Published on November 17th, 20120
What the Islamic New Year means
Shezanali Hemani writes on the significance of Muharram and why it must be remembered, especially now on, for global peace.
Unlike the solar year which begins on January 1 every year, the Islamic New Year starts with the moon sighting for the month of Muharram, the first month of Hijri year or the Lunar year. The first Islamic year calculated was in AD 622, during which the emigration of Muhammad happened from Mecca to Medina, known as the Hijrat.
Throughout the world, almost every New Year brings along festivities, fanfare and a lot of celebration. The Islamic New Year, i.e. Muharram begins with the remembrance and sacrifice of Imam Hussain, Prophet Muhammad’s grandson, and Muharram commemorates the death of Imam Hussain who, along with his family and followers, was martyred by Umayyad Caliph Yazid I in the Battle of Karbala on the 10th day of Muharram.
Remembrance of the Holy Imam is a yearly ritual to keep alive the flame of sacrifice for peace and social justice, which Hussain, the grandson of the Prophet, has given with his household and companions.
Especially in India, the name of Imam Hussain is very common across the masses, be it Muslim or Hindu, Christian or Buddhist. This is because of the yearly mourning ritual which Muslims observe during the first 10 days of the month of Muharram. Across the nation, lots of ceremonies, processions and gatherings remember the sacrifices and hardships which befell Hussain. These gatherings are not only attended by Muslims, rather it’s a sign of communal harmony in most of rural India.
But who is Imam Hussain, really? Why is he so sacred that he is remembered across the communities? Or this is just a mythical story which is remembered without any base or logic?
The incidence of Battle of Karbala is just 1,400 years old and is well-documented in history, and hence it is a fact and not a mythical story. Hussain, who was grandson of the Prophet, was against unjust and cruel practices put forward by Yazid in the name of religion, and which were totally against human nature and social justice. Hence the Imam refused to pledge allegiance to Yazdi but also walked a very difficult path of extreme hardship to protest. He not only ensured that there was no mass bloodshed by deciding to migrate, but he also observed a high degree of patience while suffering the cruelty of Yazid against his followers and family. History does not tell the story of another father whose six month old child was kept thirsty and killed in his arms.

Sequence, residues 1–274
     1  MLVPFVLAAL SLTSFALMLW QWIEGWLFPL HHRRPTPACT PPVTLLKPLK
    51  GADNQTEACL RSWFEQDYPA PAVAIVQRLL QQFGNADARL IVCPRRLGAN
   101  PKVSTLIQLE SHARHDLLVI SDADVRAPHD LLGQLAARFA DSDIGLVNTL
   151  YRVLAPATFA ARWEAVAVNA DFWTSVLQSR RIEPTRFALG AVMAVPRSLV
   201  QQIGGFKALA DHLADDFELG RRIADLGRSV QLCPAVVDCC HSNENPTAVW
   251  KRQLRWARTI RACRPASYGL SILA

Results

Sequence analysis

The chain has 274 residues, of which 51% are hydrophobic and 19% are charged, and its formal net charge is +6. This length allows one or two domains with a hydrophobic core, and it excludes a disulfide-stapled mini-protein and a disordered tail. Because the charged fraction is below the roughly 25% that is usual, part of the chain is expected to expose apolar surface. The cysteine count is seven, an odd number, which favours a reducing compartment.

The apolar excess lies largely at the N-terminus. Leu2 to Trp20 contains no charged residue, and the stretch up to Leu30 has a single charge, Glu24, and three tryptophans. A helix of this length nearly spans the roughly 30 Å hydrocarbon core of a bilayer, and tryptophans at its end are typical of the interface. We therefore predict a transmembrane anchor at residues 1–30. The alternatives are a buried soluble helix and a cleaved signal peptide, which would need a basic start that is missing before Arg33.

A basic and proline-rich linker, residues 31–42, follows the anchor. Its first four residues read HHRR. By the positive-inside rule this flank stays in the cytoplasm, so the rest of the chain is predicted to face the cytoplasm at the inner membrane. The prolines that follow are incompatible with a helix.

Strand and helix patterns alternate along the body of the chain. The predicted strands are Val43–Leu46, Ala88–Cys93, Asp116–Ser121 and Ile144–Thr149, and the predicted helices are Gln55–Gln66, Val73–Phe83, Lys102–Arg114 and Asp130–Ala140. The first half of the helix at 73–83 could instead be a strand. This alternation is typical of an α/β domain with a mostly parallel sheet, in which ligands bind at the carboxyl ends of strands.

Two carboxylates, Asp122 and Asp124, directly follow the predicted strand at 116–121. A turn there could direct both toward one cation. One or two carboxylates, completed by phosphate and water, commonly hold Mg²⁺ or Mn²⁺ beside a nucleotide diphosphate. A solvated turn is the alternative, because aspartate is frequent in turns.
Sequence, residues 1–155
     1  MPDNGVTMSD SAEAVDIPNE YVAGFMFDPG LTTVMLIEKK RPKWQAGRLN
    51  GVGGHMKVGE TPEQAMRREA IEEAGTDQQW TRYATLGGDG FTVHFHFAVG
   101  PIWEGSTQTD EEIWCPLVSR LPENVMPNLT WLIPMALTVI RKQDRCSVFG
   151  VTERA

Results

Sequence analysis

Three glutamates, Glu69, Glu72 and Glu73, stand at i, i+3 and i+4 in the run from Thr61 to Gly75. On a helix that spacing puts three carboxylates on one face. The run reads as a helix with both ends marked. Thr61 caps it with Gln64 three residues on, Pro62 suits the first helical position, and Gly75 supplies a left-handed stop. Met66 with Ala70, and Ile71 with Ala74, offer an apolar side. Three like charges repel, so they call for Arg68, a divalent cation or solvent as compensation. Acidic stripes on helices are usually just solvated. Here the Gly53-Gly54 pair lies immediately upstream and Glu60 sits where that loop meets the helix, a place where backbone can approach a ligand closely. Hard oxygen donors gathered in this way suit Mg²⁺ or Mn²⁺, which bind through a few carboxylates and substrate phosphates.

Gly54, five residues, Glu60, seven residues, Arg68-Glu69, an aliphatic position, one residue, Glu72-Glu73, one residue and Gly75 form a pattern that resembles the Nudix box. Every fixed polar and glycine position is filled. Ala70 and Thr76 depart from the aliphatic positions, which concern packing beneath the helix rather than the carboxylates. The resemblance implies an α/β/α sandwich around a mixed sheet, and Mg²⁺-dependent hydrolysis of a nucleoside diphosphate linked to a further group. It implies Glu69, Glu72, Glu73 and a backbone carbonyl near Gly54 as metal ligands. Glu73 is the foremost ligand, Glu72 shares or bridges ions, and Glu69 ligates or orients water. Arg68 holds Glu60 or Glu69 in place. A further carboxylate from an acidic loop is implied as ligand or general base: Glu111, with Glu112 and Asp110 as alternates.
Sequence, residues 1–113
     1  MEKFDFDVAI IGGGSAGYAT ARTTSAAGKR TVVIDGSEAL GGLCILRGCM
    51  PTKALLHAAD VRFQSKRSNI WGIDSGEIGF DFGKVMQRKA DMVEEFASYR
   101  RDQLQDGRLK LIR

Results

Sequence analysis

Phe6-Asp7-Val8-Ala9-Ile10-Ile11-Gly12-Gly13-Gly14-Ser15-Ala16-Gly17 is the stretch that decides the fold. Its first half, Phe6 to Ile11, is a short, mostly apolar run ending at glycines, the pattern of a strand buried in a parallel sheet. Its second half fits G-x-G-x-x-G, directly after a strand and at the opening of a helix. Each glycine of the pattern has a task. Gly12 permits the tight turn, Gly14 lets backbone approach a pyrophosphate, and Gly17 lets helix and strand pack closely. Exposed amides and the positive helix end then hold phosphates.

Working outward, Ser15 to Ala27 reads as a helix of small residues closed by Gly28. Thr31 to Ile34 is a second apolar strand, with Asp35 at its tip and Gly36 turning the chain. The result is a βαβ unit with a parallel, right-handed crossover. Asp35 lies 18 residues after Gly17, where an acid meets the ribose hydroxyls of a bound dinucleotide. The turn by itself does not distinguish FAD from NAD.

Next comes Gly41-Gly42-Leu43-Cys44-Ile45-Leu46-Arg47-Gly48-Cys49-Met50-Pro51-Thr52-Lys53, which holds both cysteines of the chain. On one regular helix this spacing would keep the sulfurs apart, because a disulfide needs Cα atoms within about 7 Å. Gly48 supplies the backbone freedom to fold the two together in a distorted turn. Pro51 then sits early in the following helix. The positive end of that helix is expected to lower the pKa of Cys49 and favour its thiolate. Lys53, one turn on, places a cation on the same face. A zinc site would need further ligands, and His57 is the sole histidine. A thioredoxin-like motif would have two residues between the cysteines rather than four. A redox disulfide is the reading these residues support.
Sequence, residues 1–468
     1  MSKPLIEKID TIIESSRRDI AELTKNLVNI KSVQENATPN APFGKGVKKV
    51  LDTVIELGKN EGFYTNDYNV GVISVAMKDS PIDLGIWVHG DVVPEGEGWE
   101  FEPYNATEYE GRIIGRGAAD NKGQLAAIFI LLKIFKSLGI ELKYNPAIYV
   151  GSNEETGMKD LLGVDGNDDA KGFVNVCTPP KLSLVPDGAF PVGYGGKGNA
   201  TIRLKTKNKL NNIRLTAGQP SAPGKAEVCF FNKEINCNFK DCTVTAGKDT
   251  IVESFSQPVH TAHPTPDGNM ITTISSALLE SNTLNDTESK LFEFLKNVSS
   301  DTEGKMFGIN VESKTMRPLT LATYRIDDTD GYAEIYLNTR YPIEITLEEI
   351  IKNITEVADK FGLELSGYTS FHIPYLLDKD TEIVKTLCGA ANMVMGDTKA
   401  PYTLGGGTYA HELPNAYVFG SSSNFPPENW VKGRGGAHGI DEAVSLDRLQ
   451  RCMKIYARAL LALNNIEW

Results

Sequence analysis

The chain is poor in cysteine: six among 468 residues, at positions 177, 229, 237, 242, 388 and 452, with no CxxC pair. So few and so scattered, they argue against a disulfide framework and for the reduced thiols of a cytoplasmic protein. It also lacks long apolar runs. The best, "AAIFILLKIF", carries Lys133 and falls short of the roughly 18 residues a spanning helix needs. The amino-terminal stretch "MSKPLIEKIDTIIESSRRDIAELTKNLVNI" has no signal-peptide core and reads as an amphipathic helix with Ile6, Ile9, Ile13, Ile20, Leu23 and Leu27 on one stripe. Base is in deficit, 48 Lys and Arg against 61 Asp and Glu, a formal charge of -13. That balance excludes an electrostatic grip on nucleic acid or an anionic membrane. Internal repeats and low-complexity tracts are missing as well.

The noted historian Charles Dickens writes, “If Husain fought to quench his worldly desires, (as alleged by certain critics), then I do not understand why his sisters, wives and children accompanied him. It stands to reason therefore that he sacrificed purely for Islam.”
The historical progress of Islam, according to Mahatma Gandhi, is not the legacy of the Muslim sword but a result of sacrifices of Muslim saints like Hussain. Historian Edward Gibbon writes, “In a distant age and climate, the tragic scene of the death of Hussain will awaken the sympathy of the coldest reader.”
The sacrifice of Hussain is not only for that era or that of Muslims; rather his oppressed blood gives lesson to the whole of humanity in every age. Gandhi said, “I have learnt from Imam Hussain, on how to win while being oppressed. But the real lesson of Karbala and that of Imam Hussain says that we have to give sacrifice of ourselves, our desires, our household and whatever we have for the sake of values and ethics.
Today in the modern age it is common for almost each of us to have a New Year resolution. The Islamic year thus starts with the remembrance of the greatest sacrifice for the mankind, the sacrifice of Imam Hussain and his followers. It serves as a remembrance that non violence against the greatest tyrant is the way of God. It reminds us to stand united against the oppression of the people and to do our best to stop the same. It also leads us to follow the traditional narration “Every day is Ashura and every land is Karbala!” Every day is a test and if we follow Imam Hussein the world will be the happiest place.
Shezanali Hemani is a medical student and a social activist working for the upliftment of Muslims in all fields.
(Featured image courtesy www.freeimageworks.com. Picture used for representational purpose only)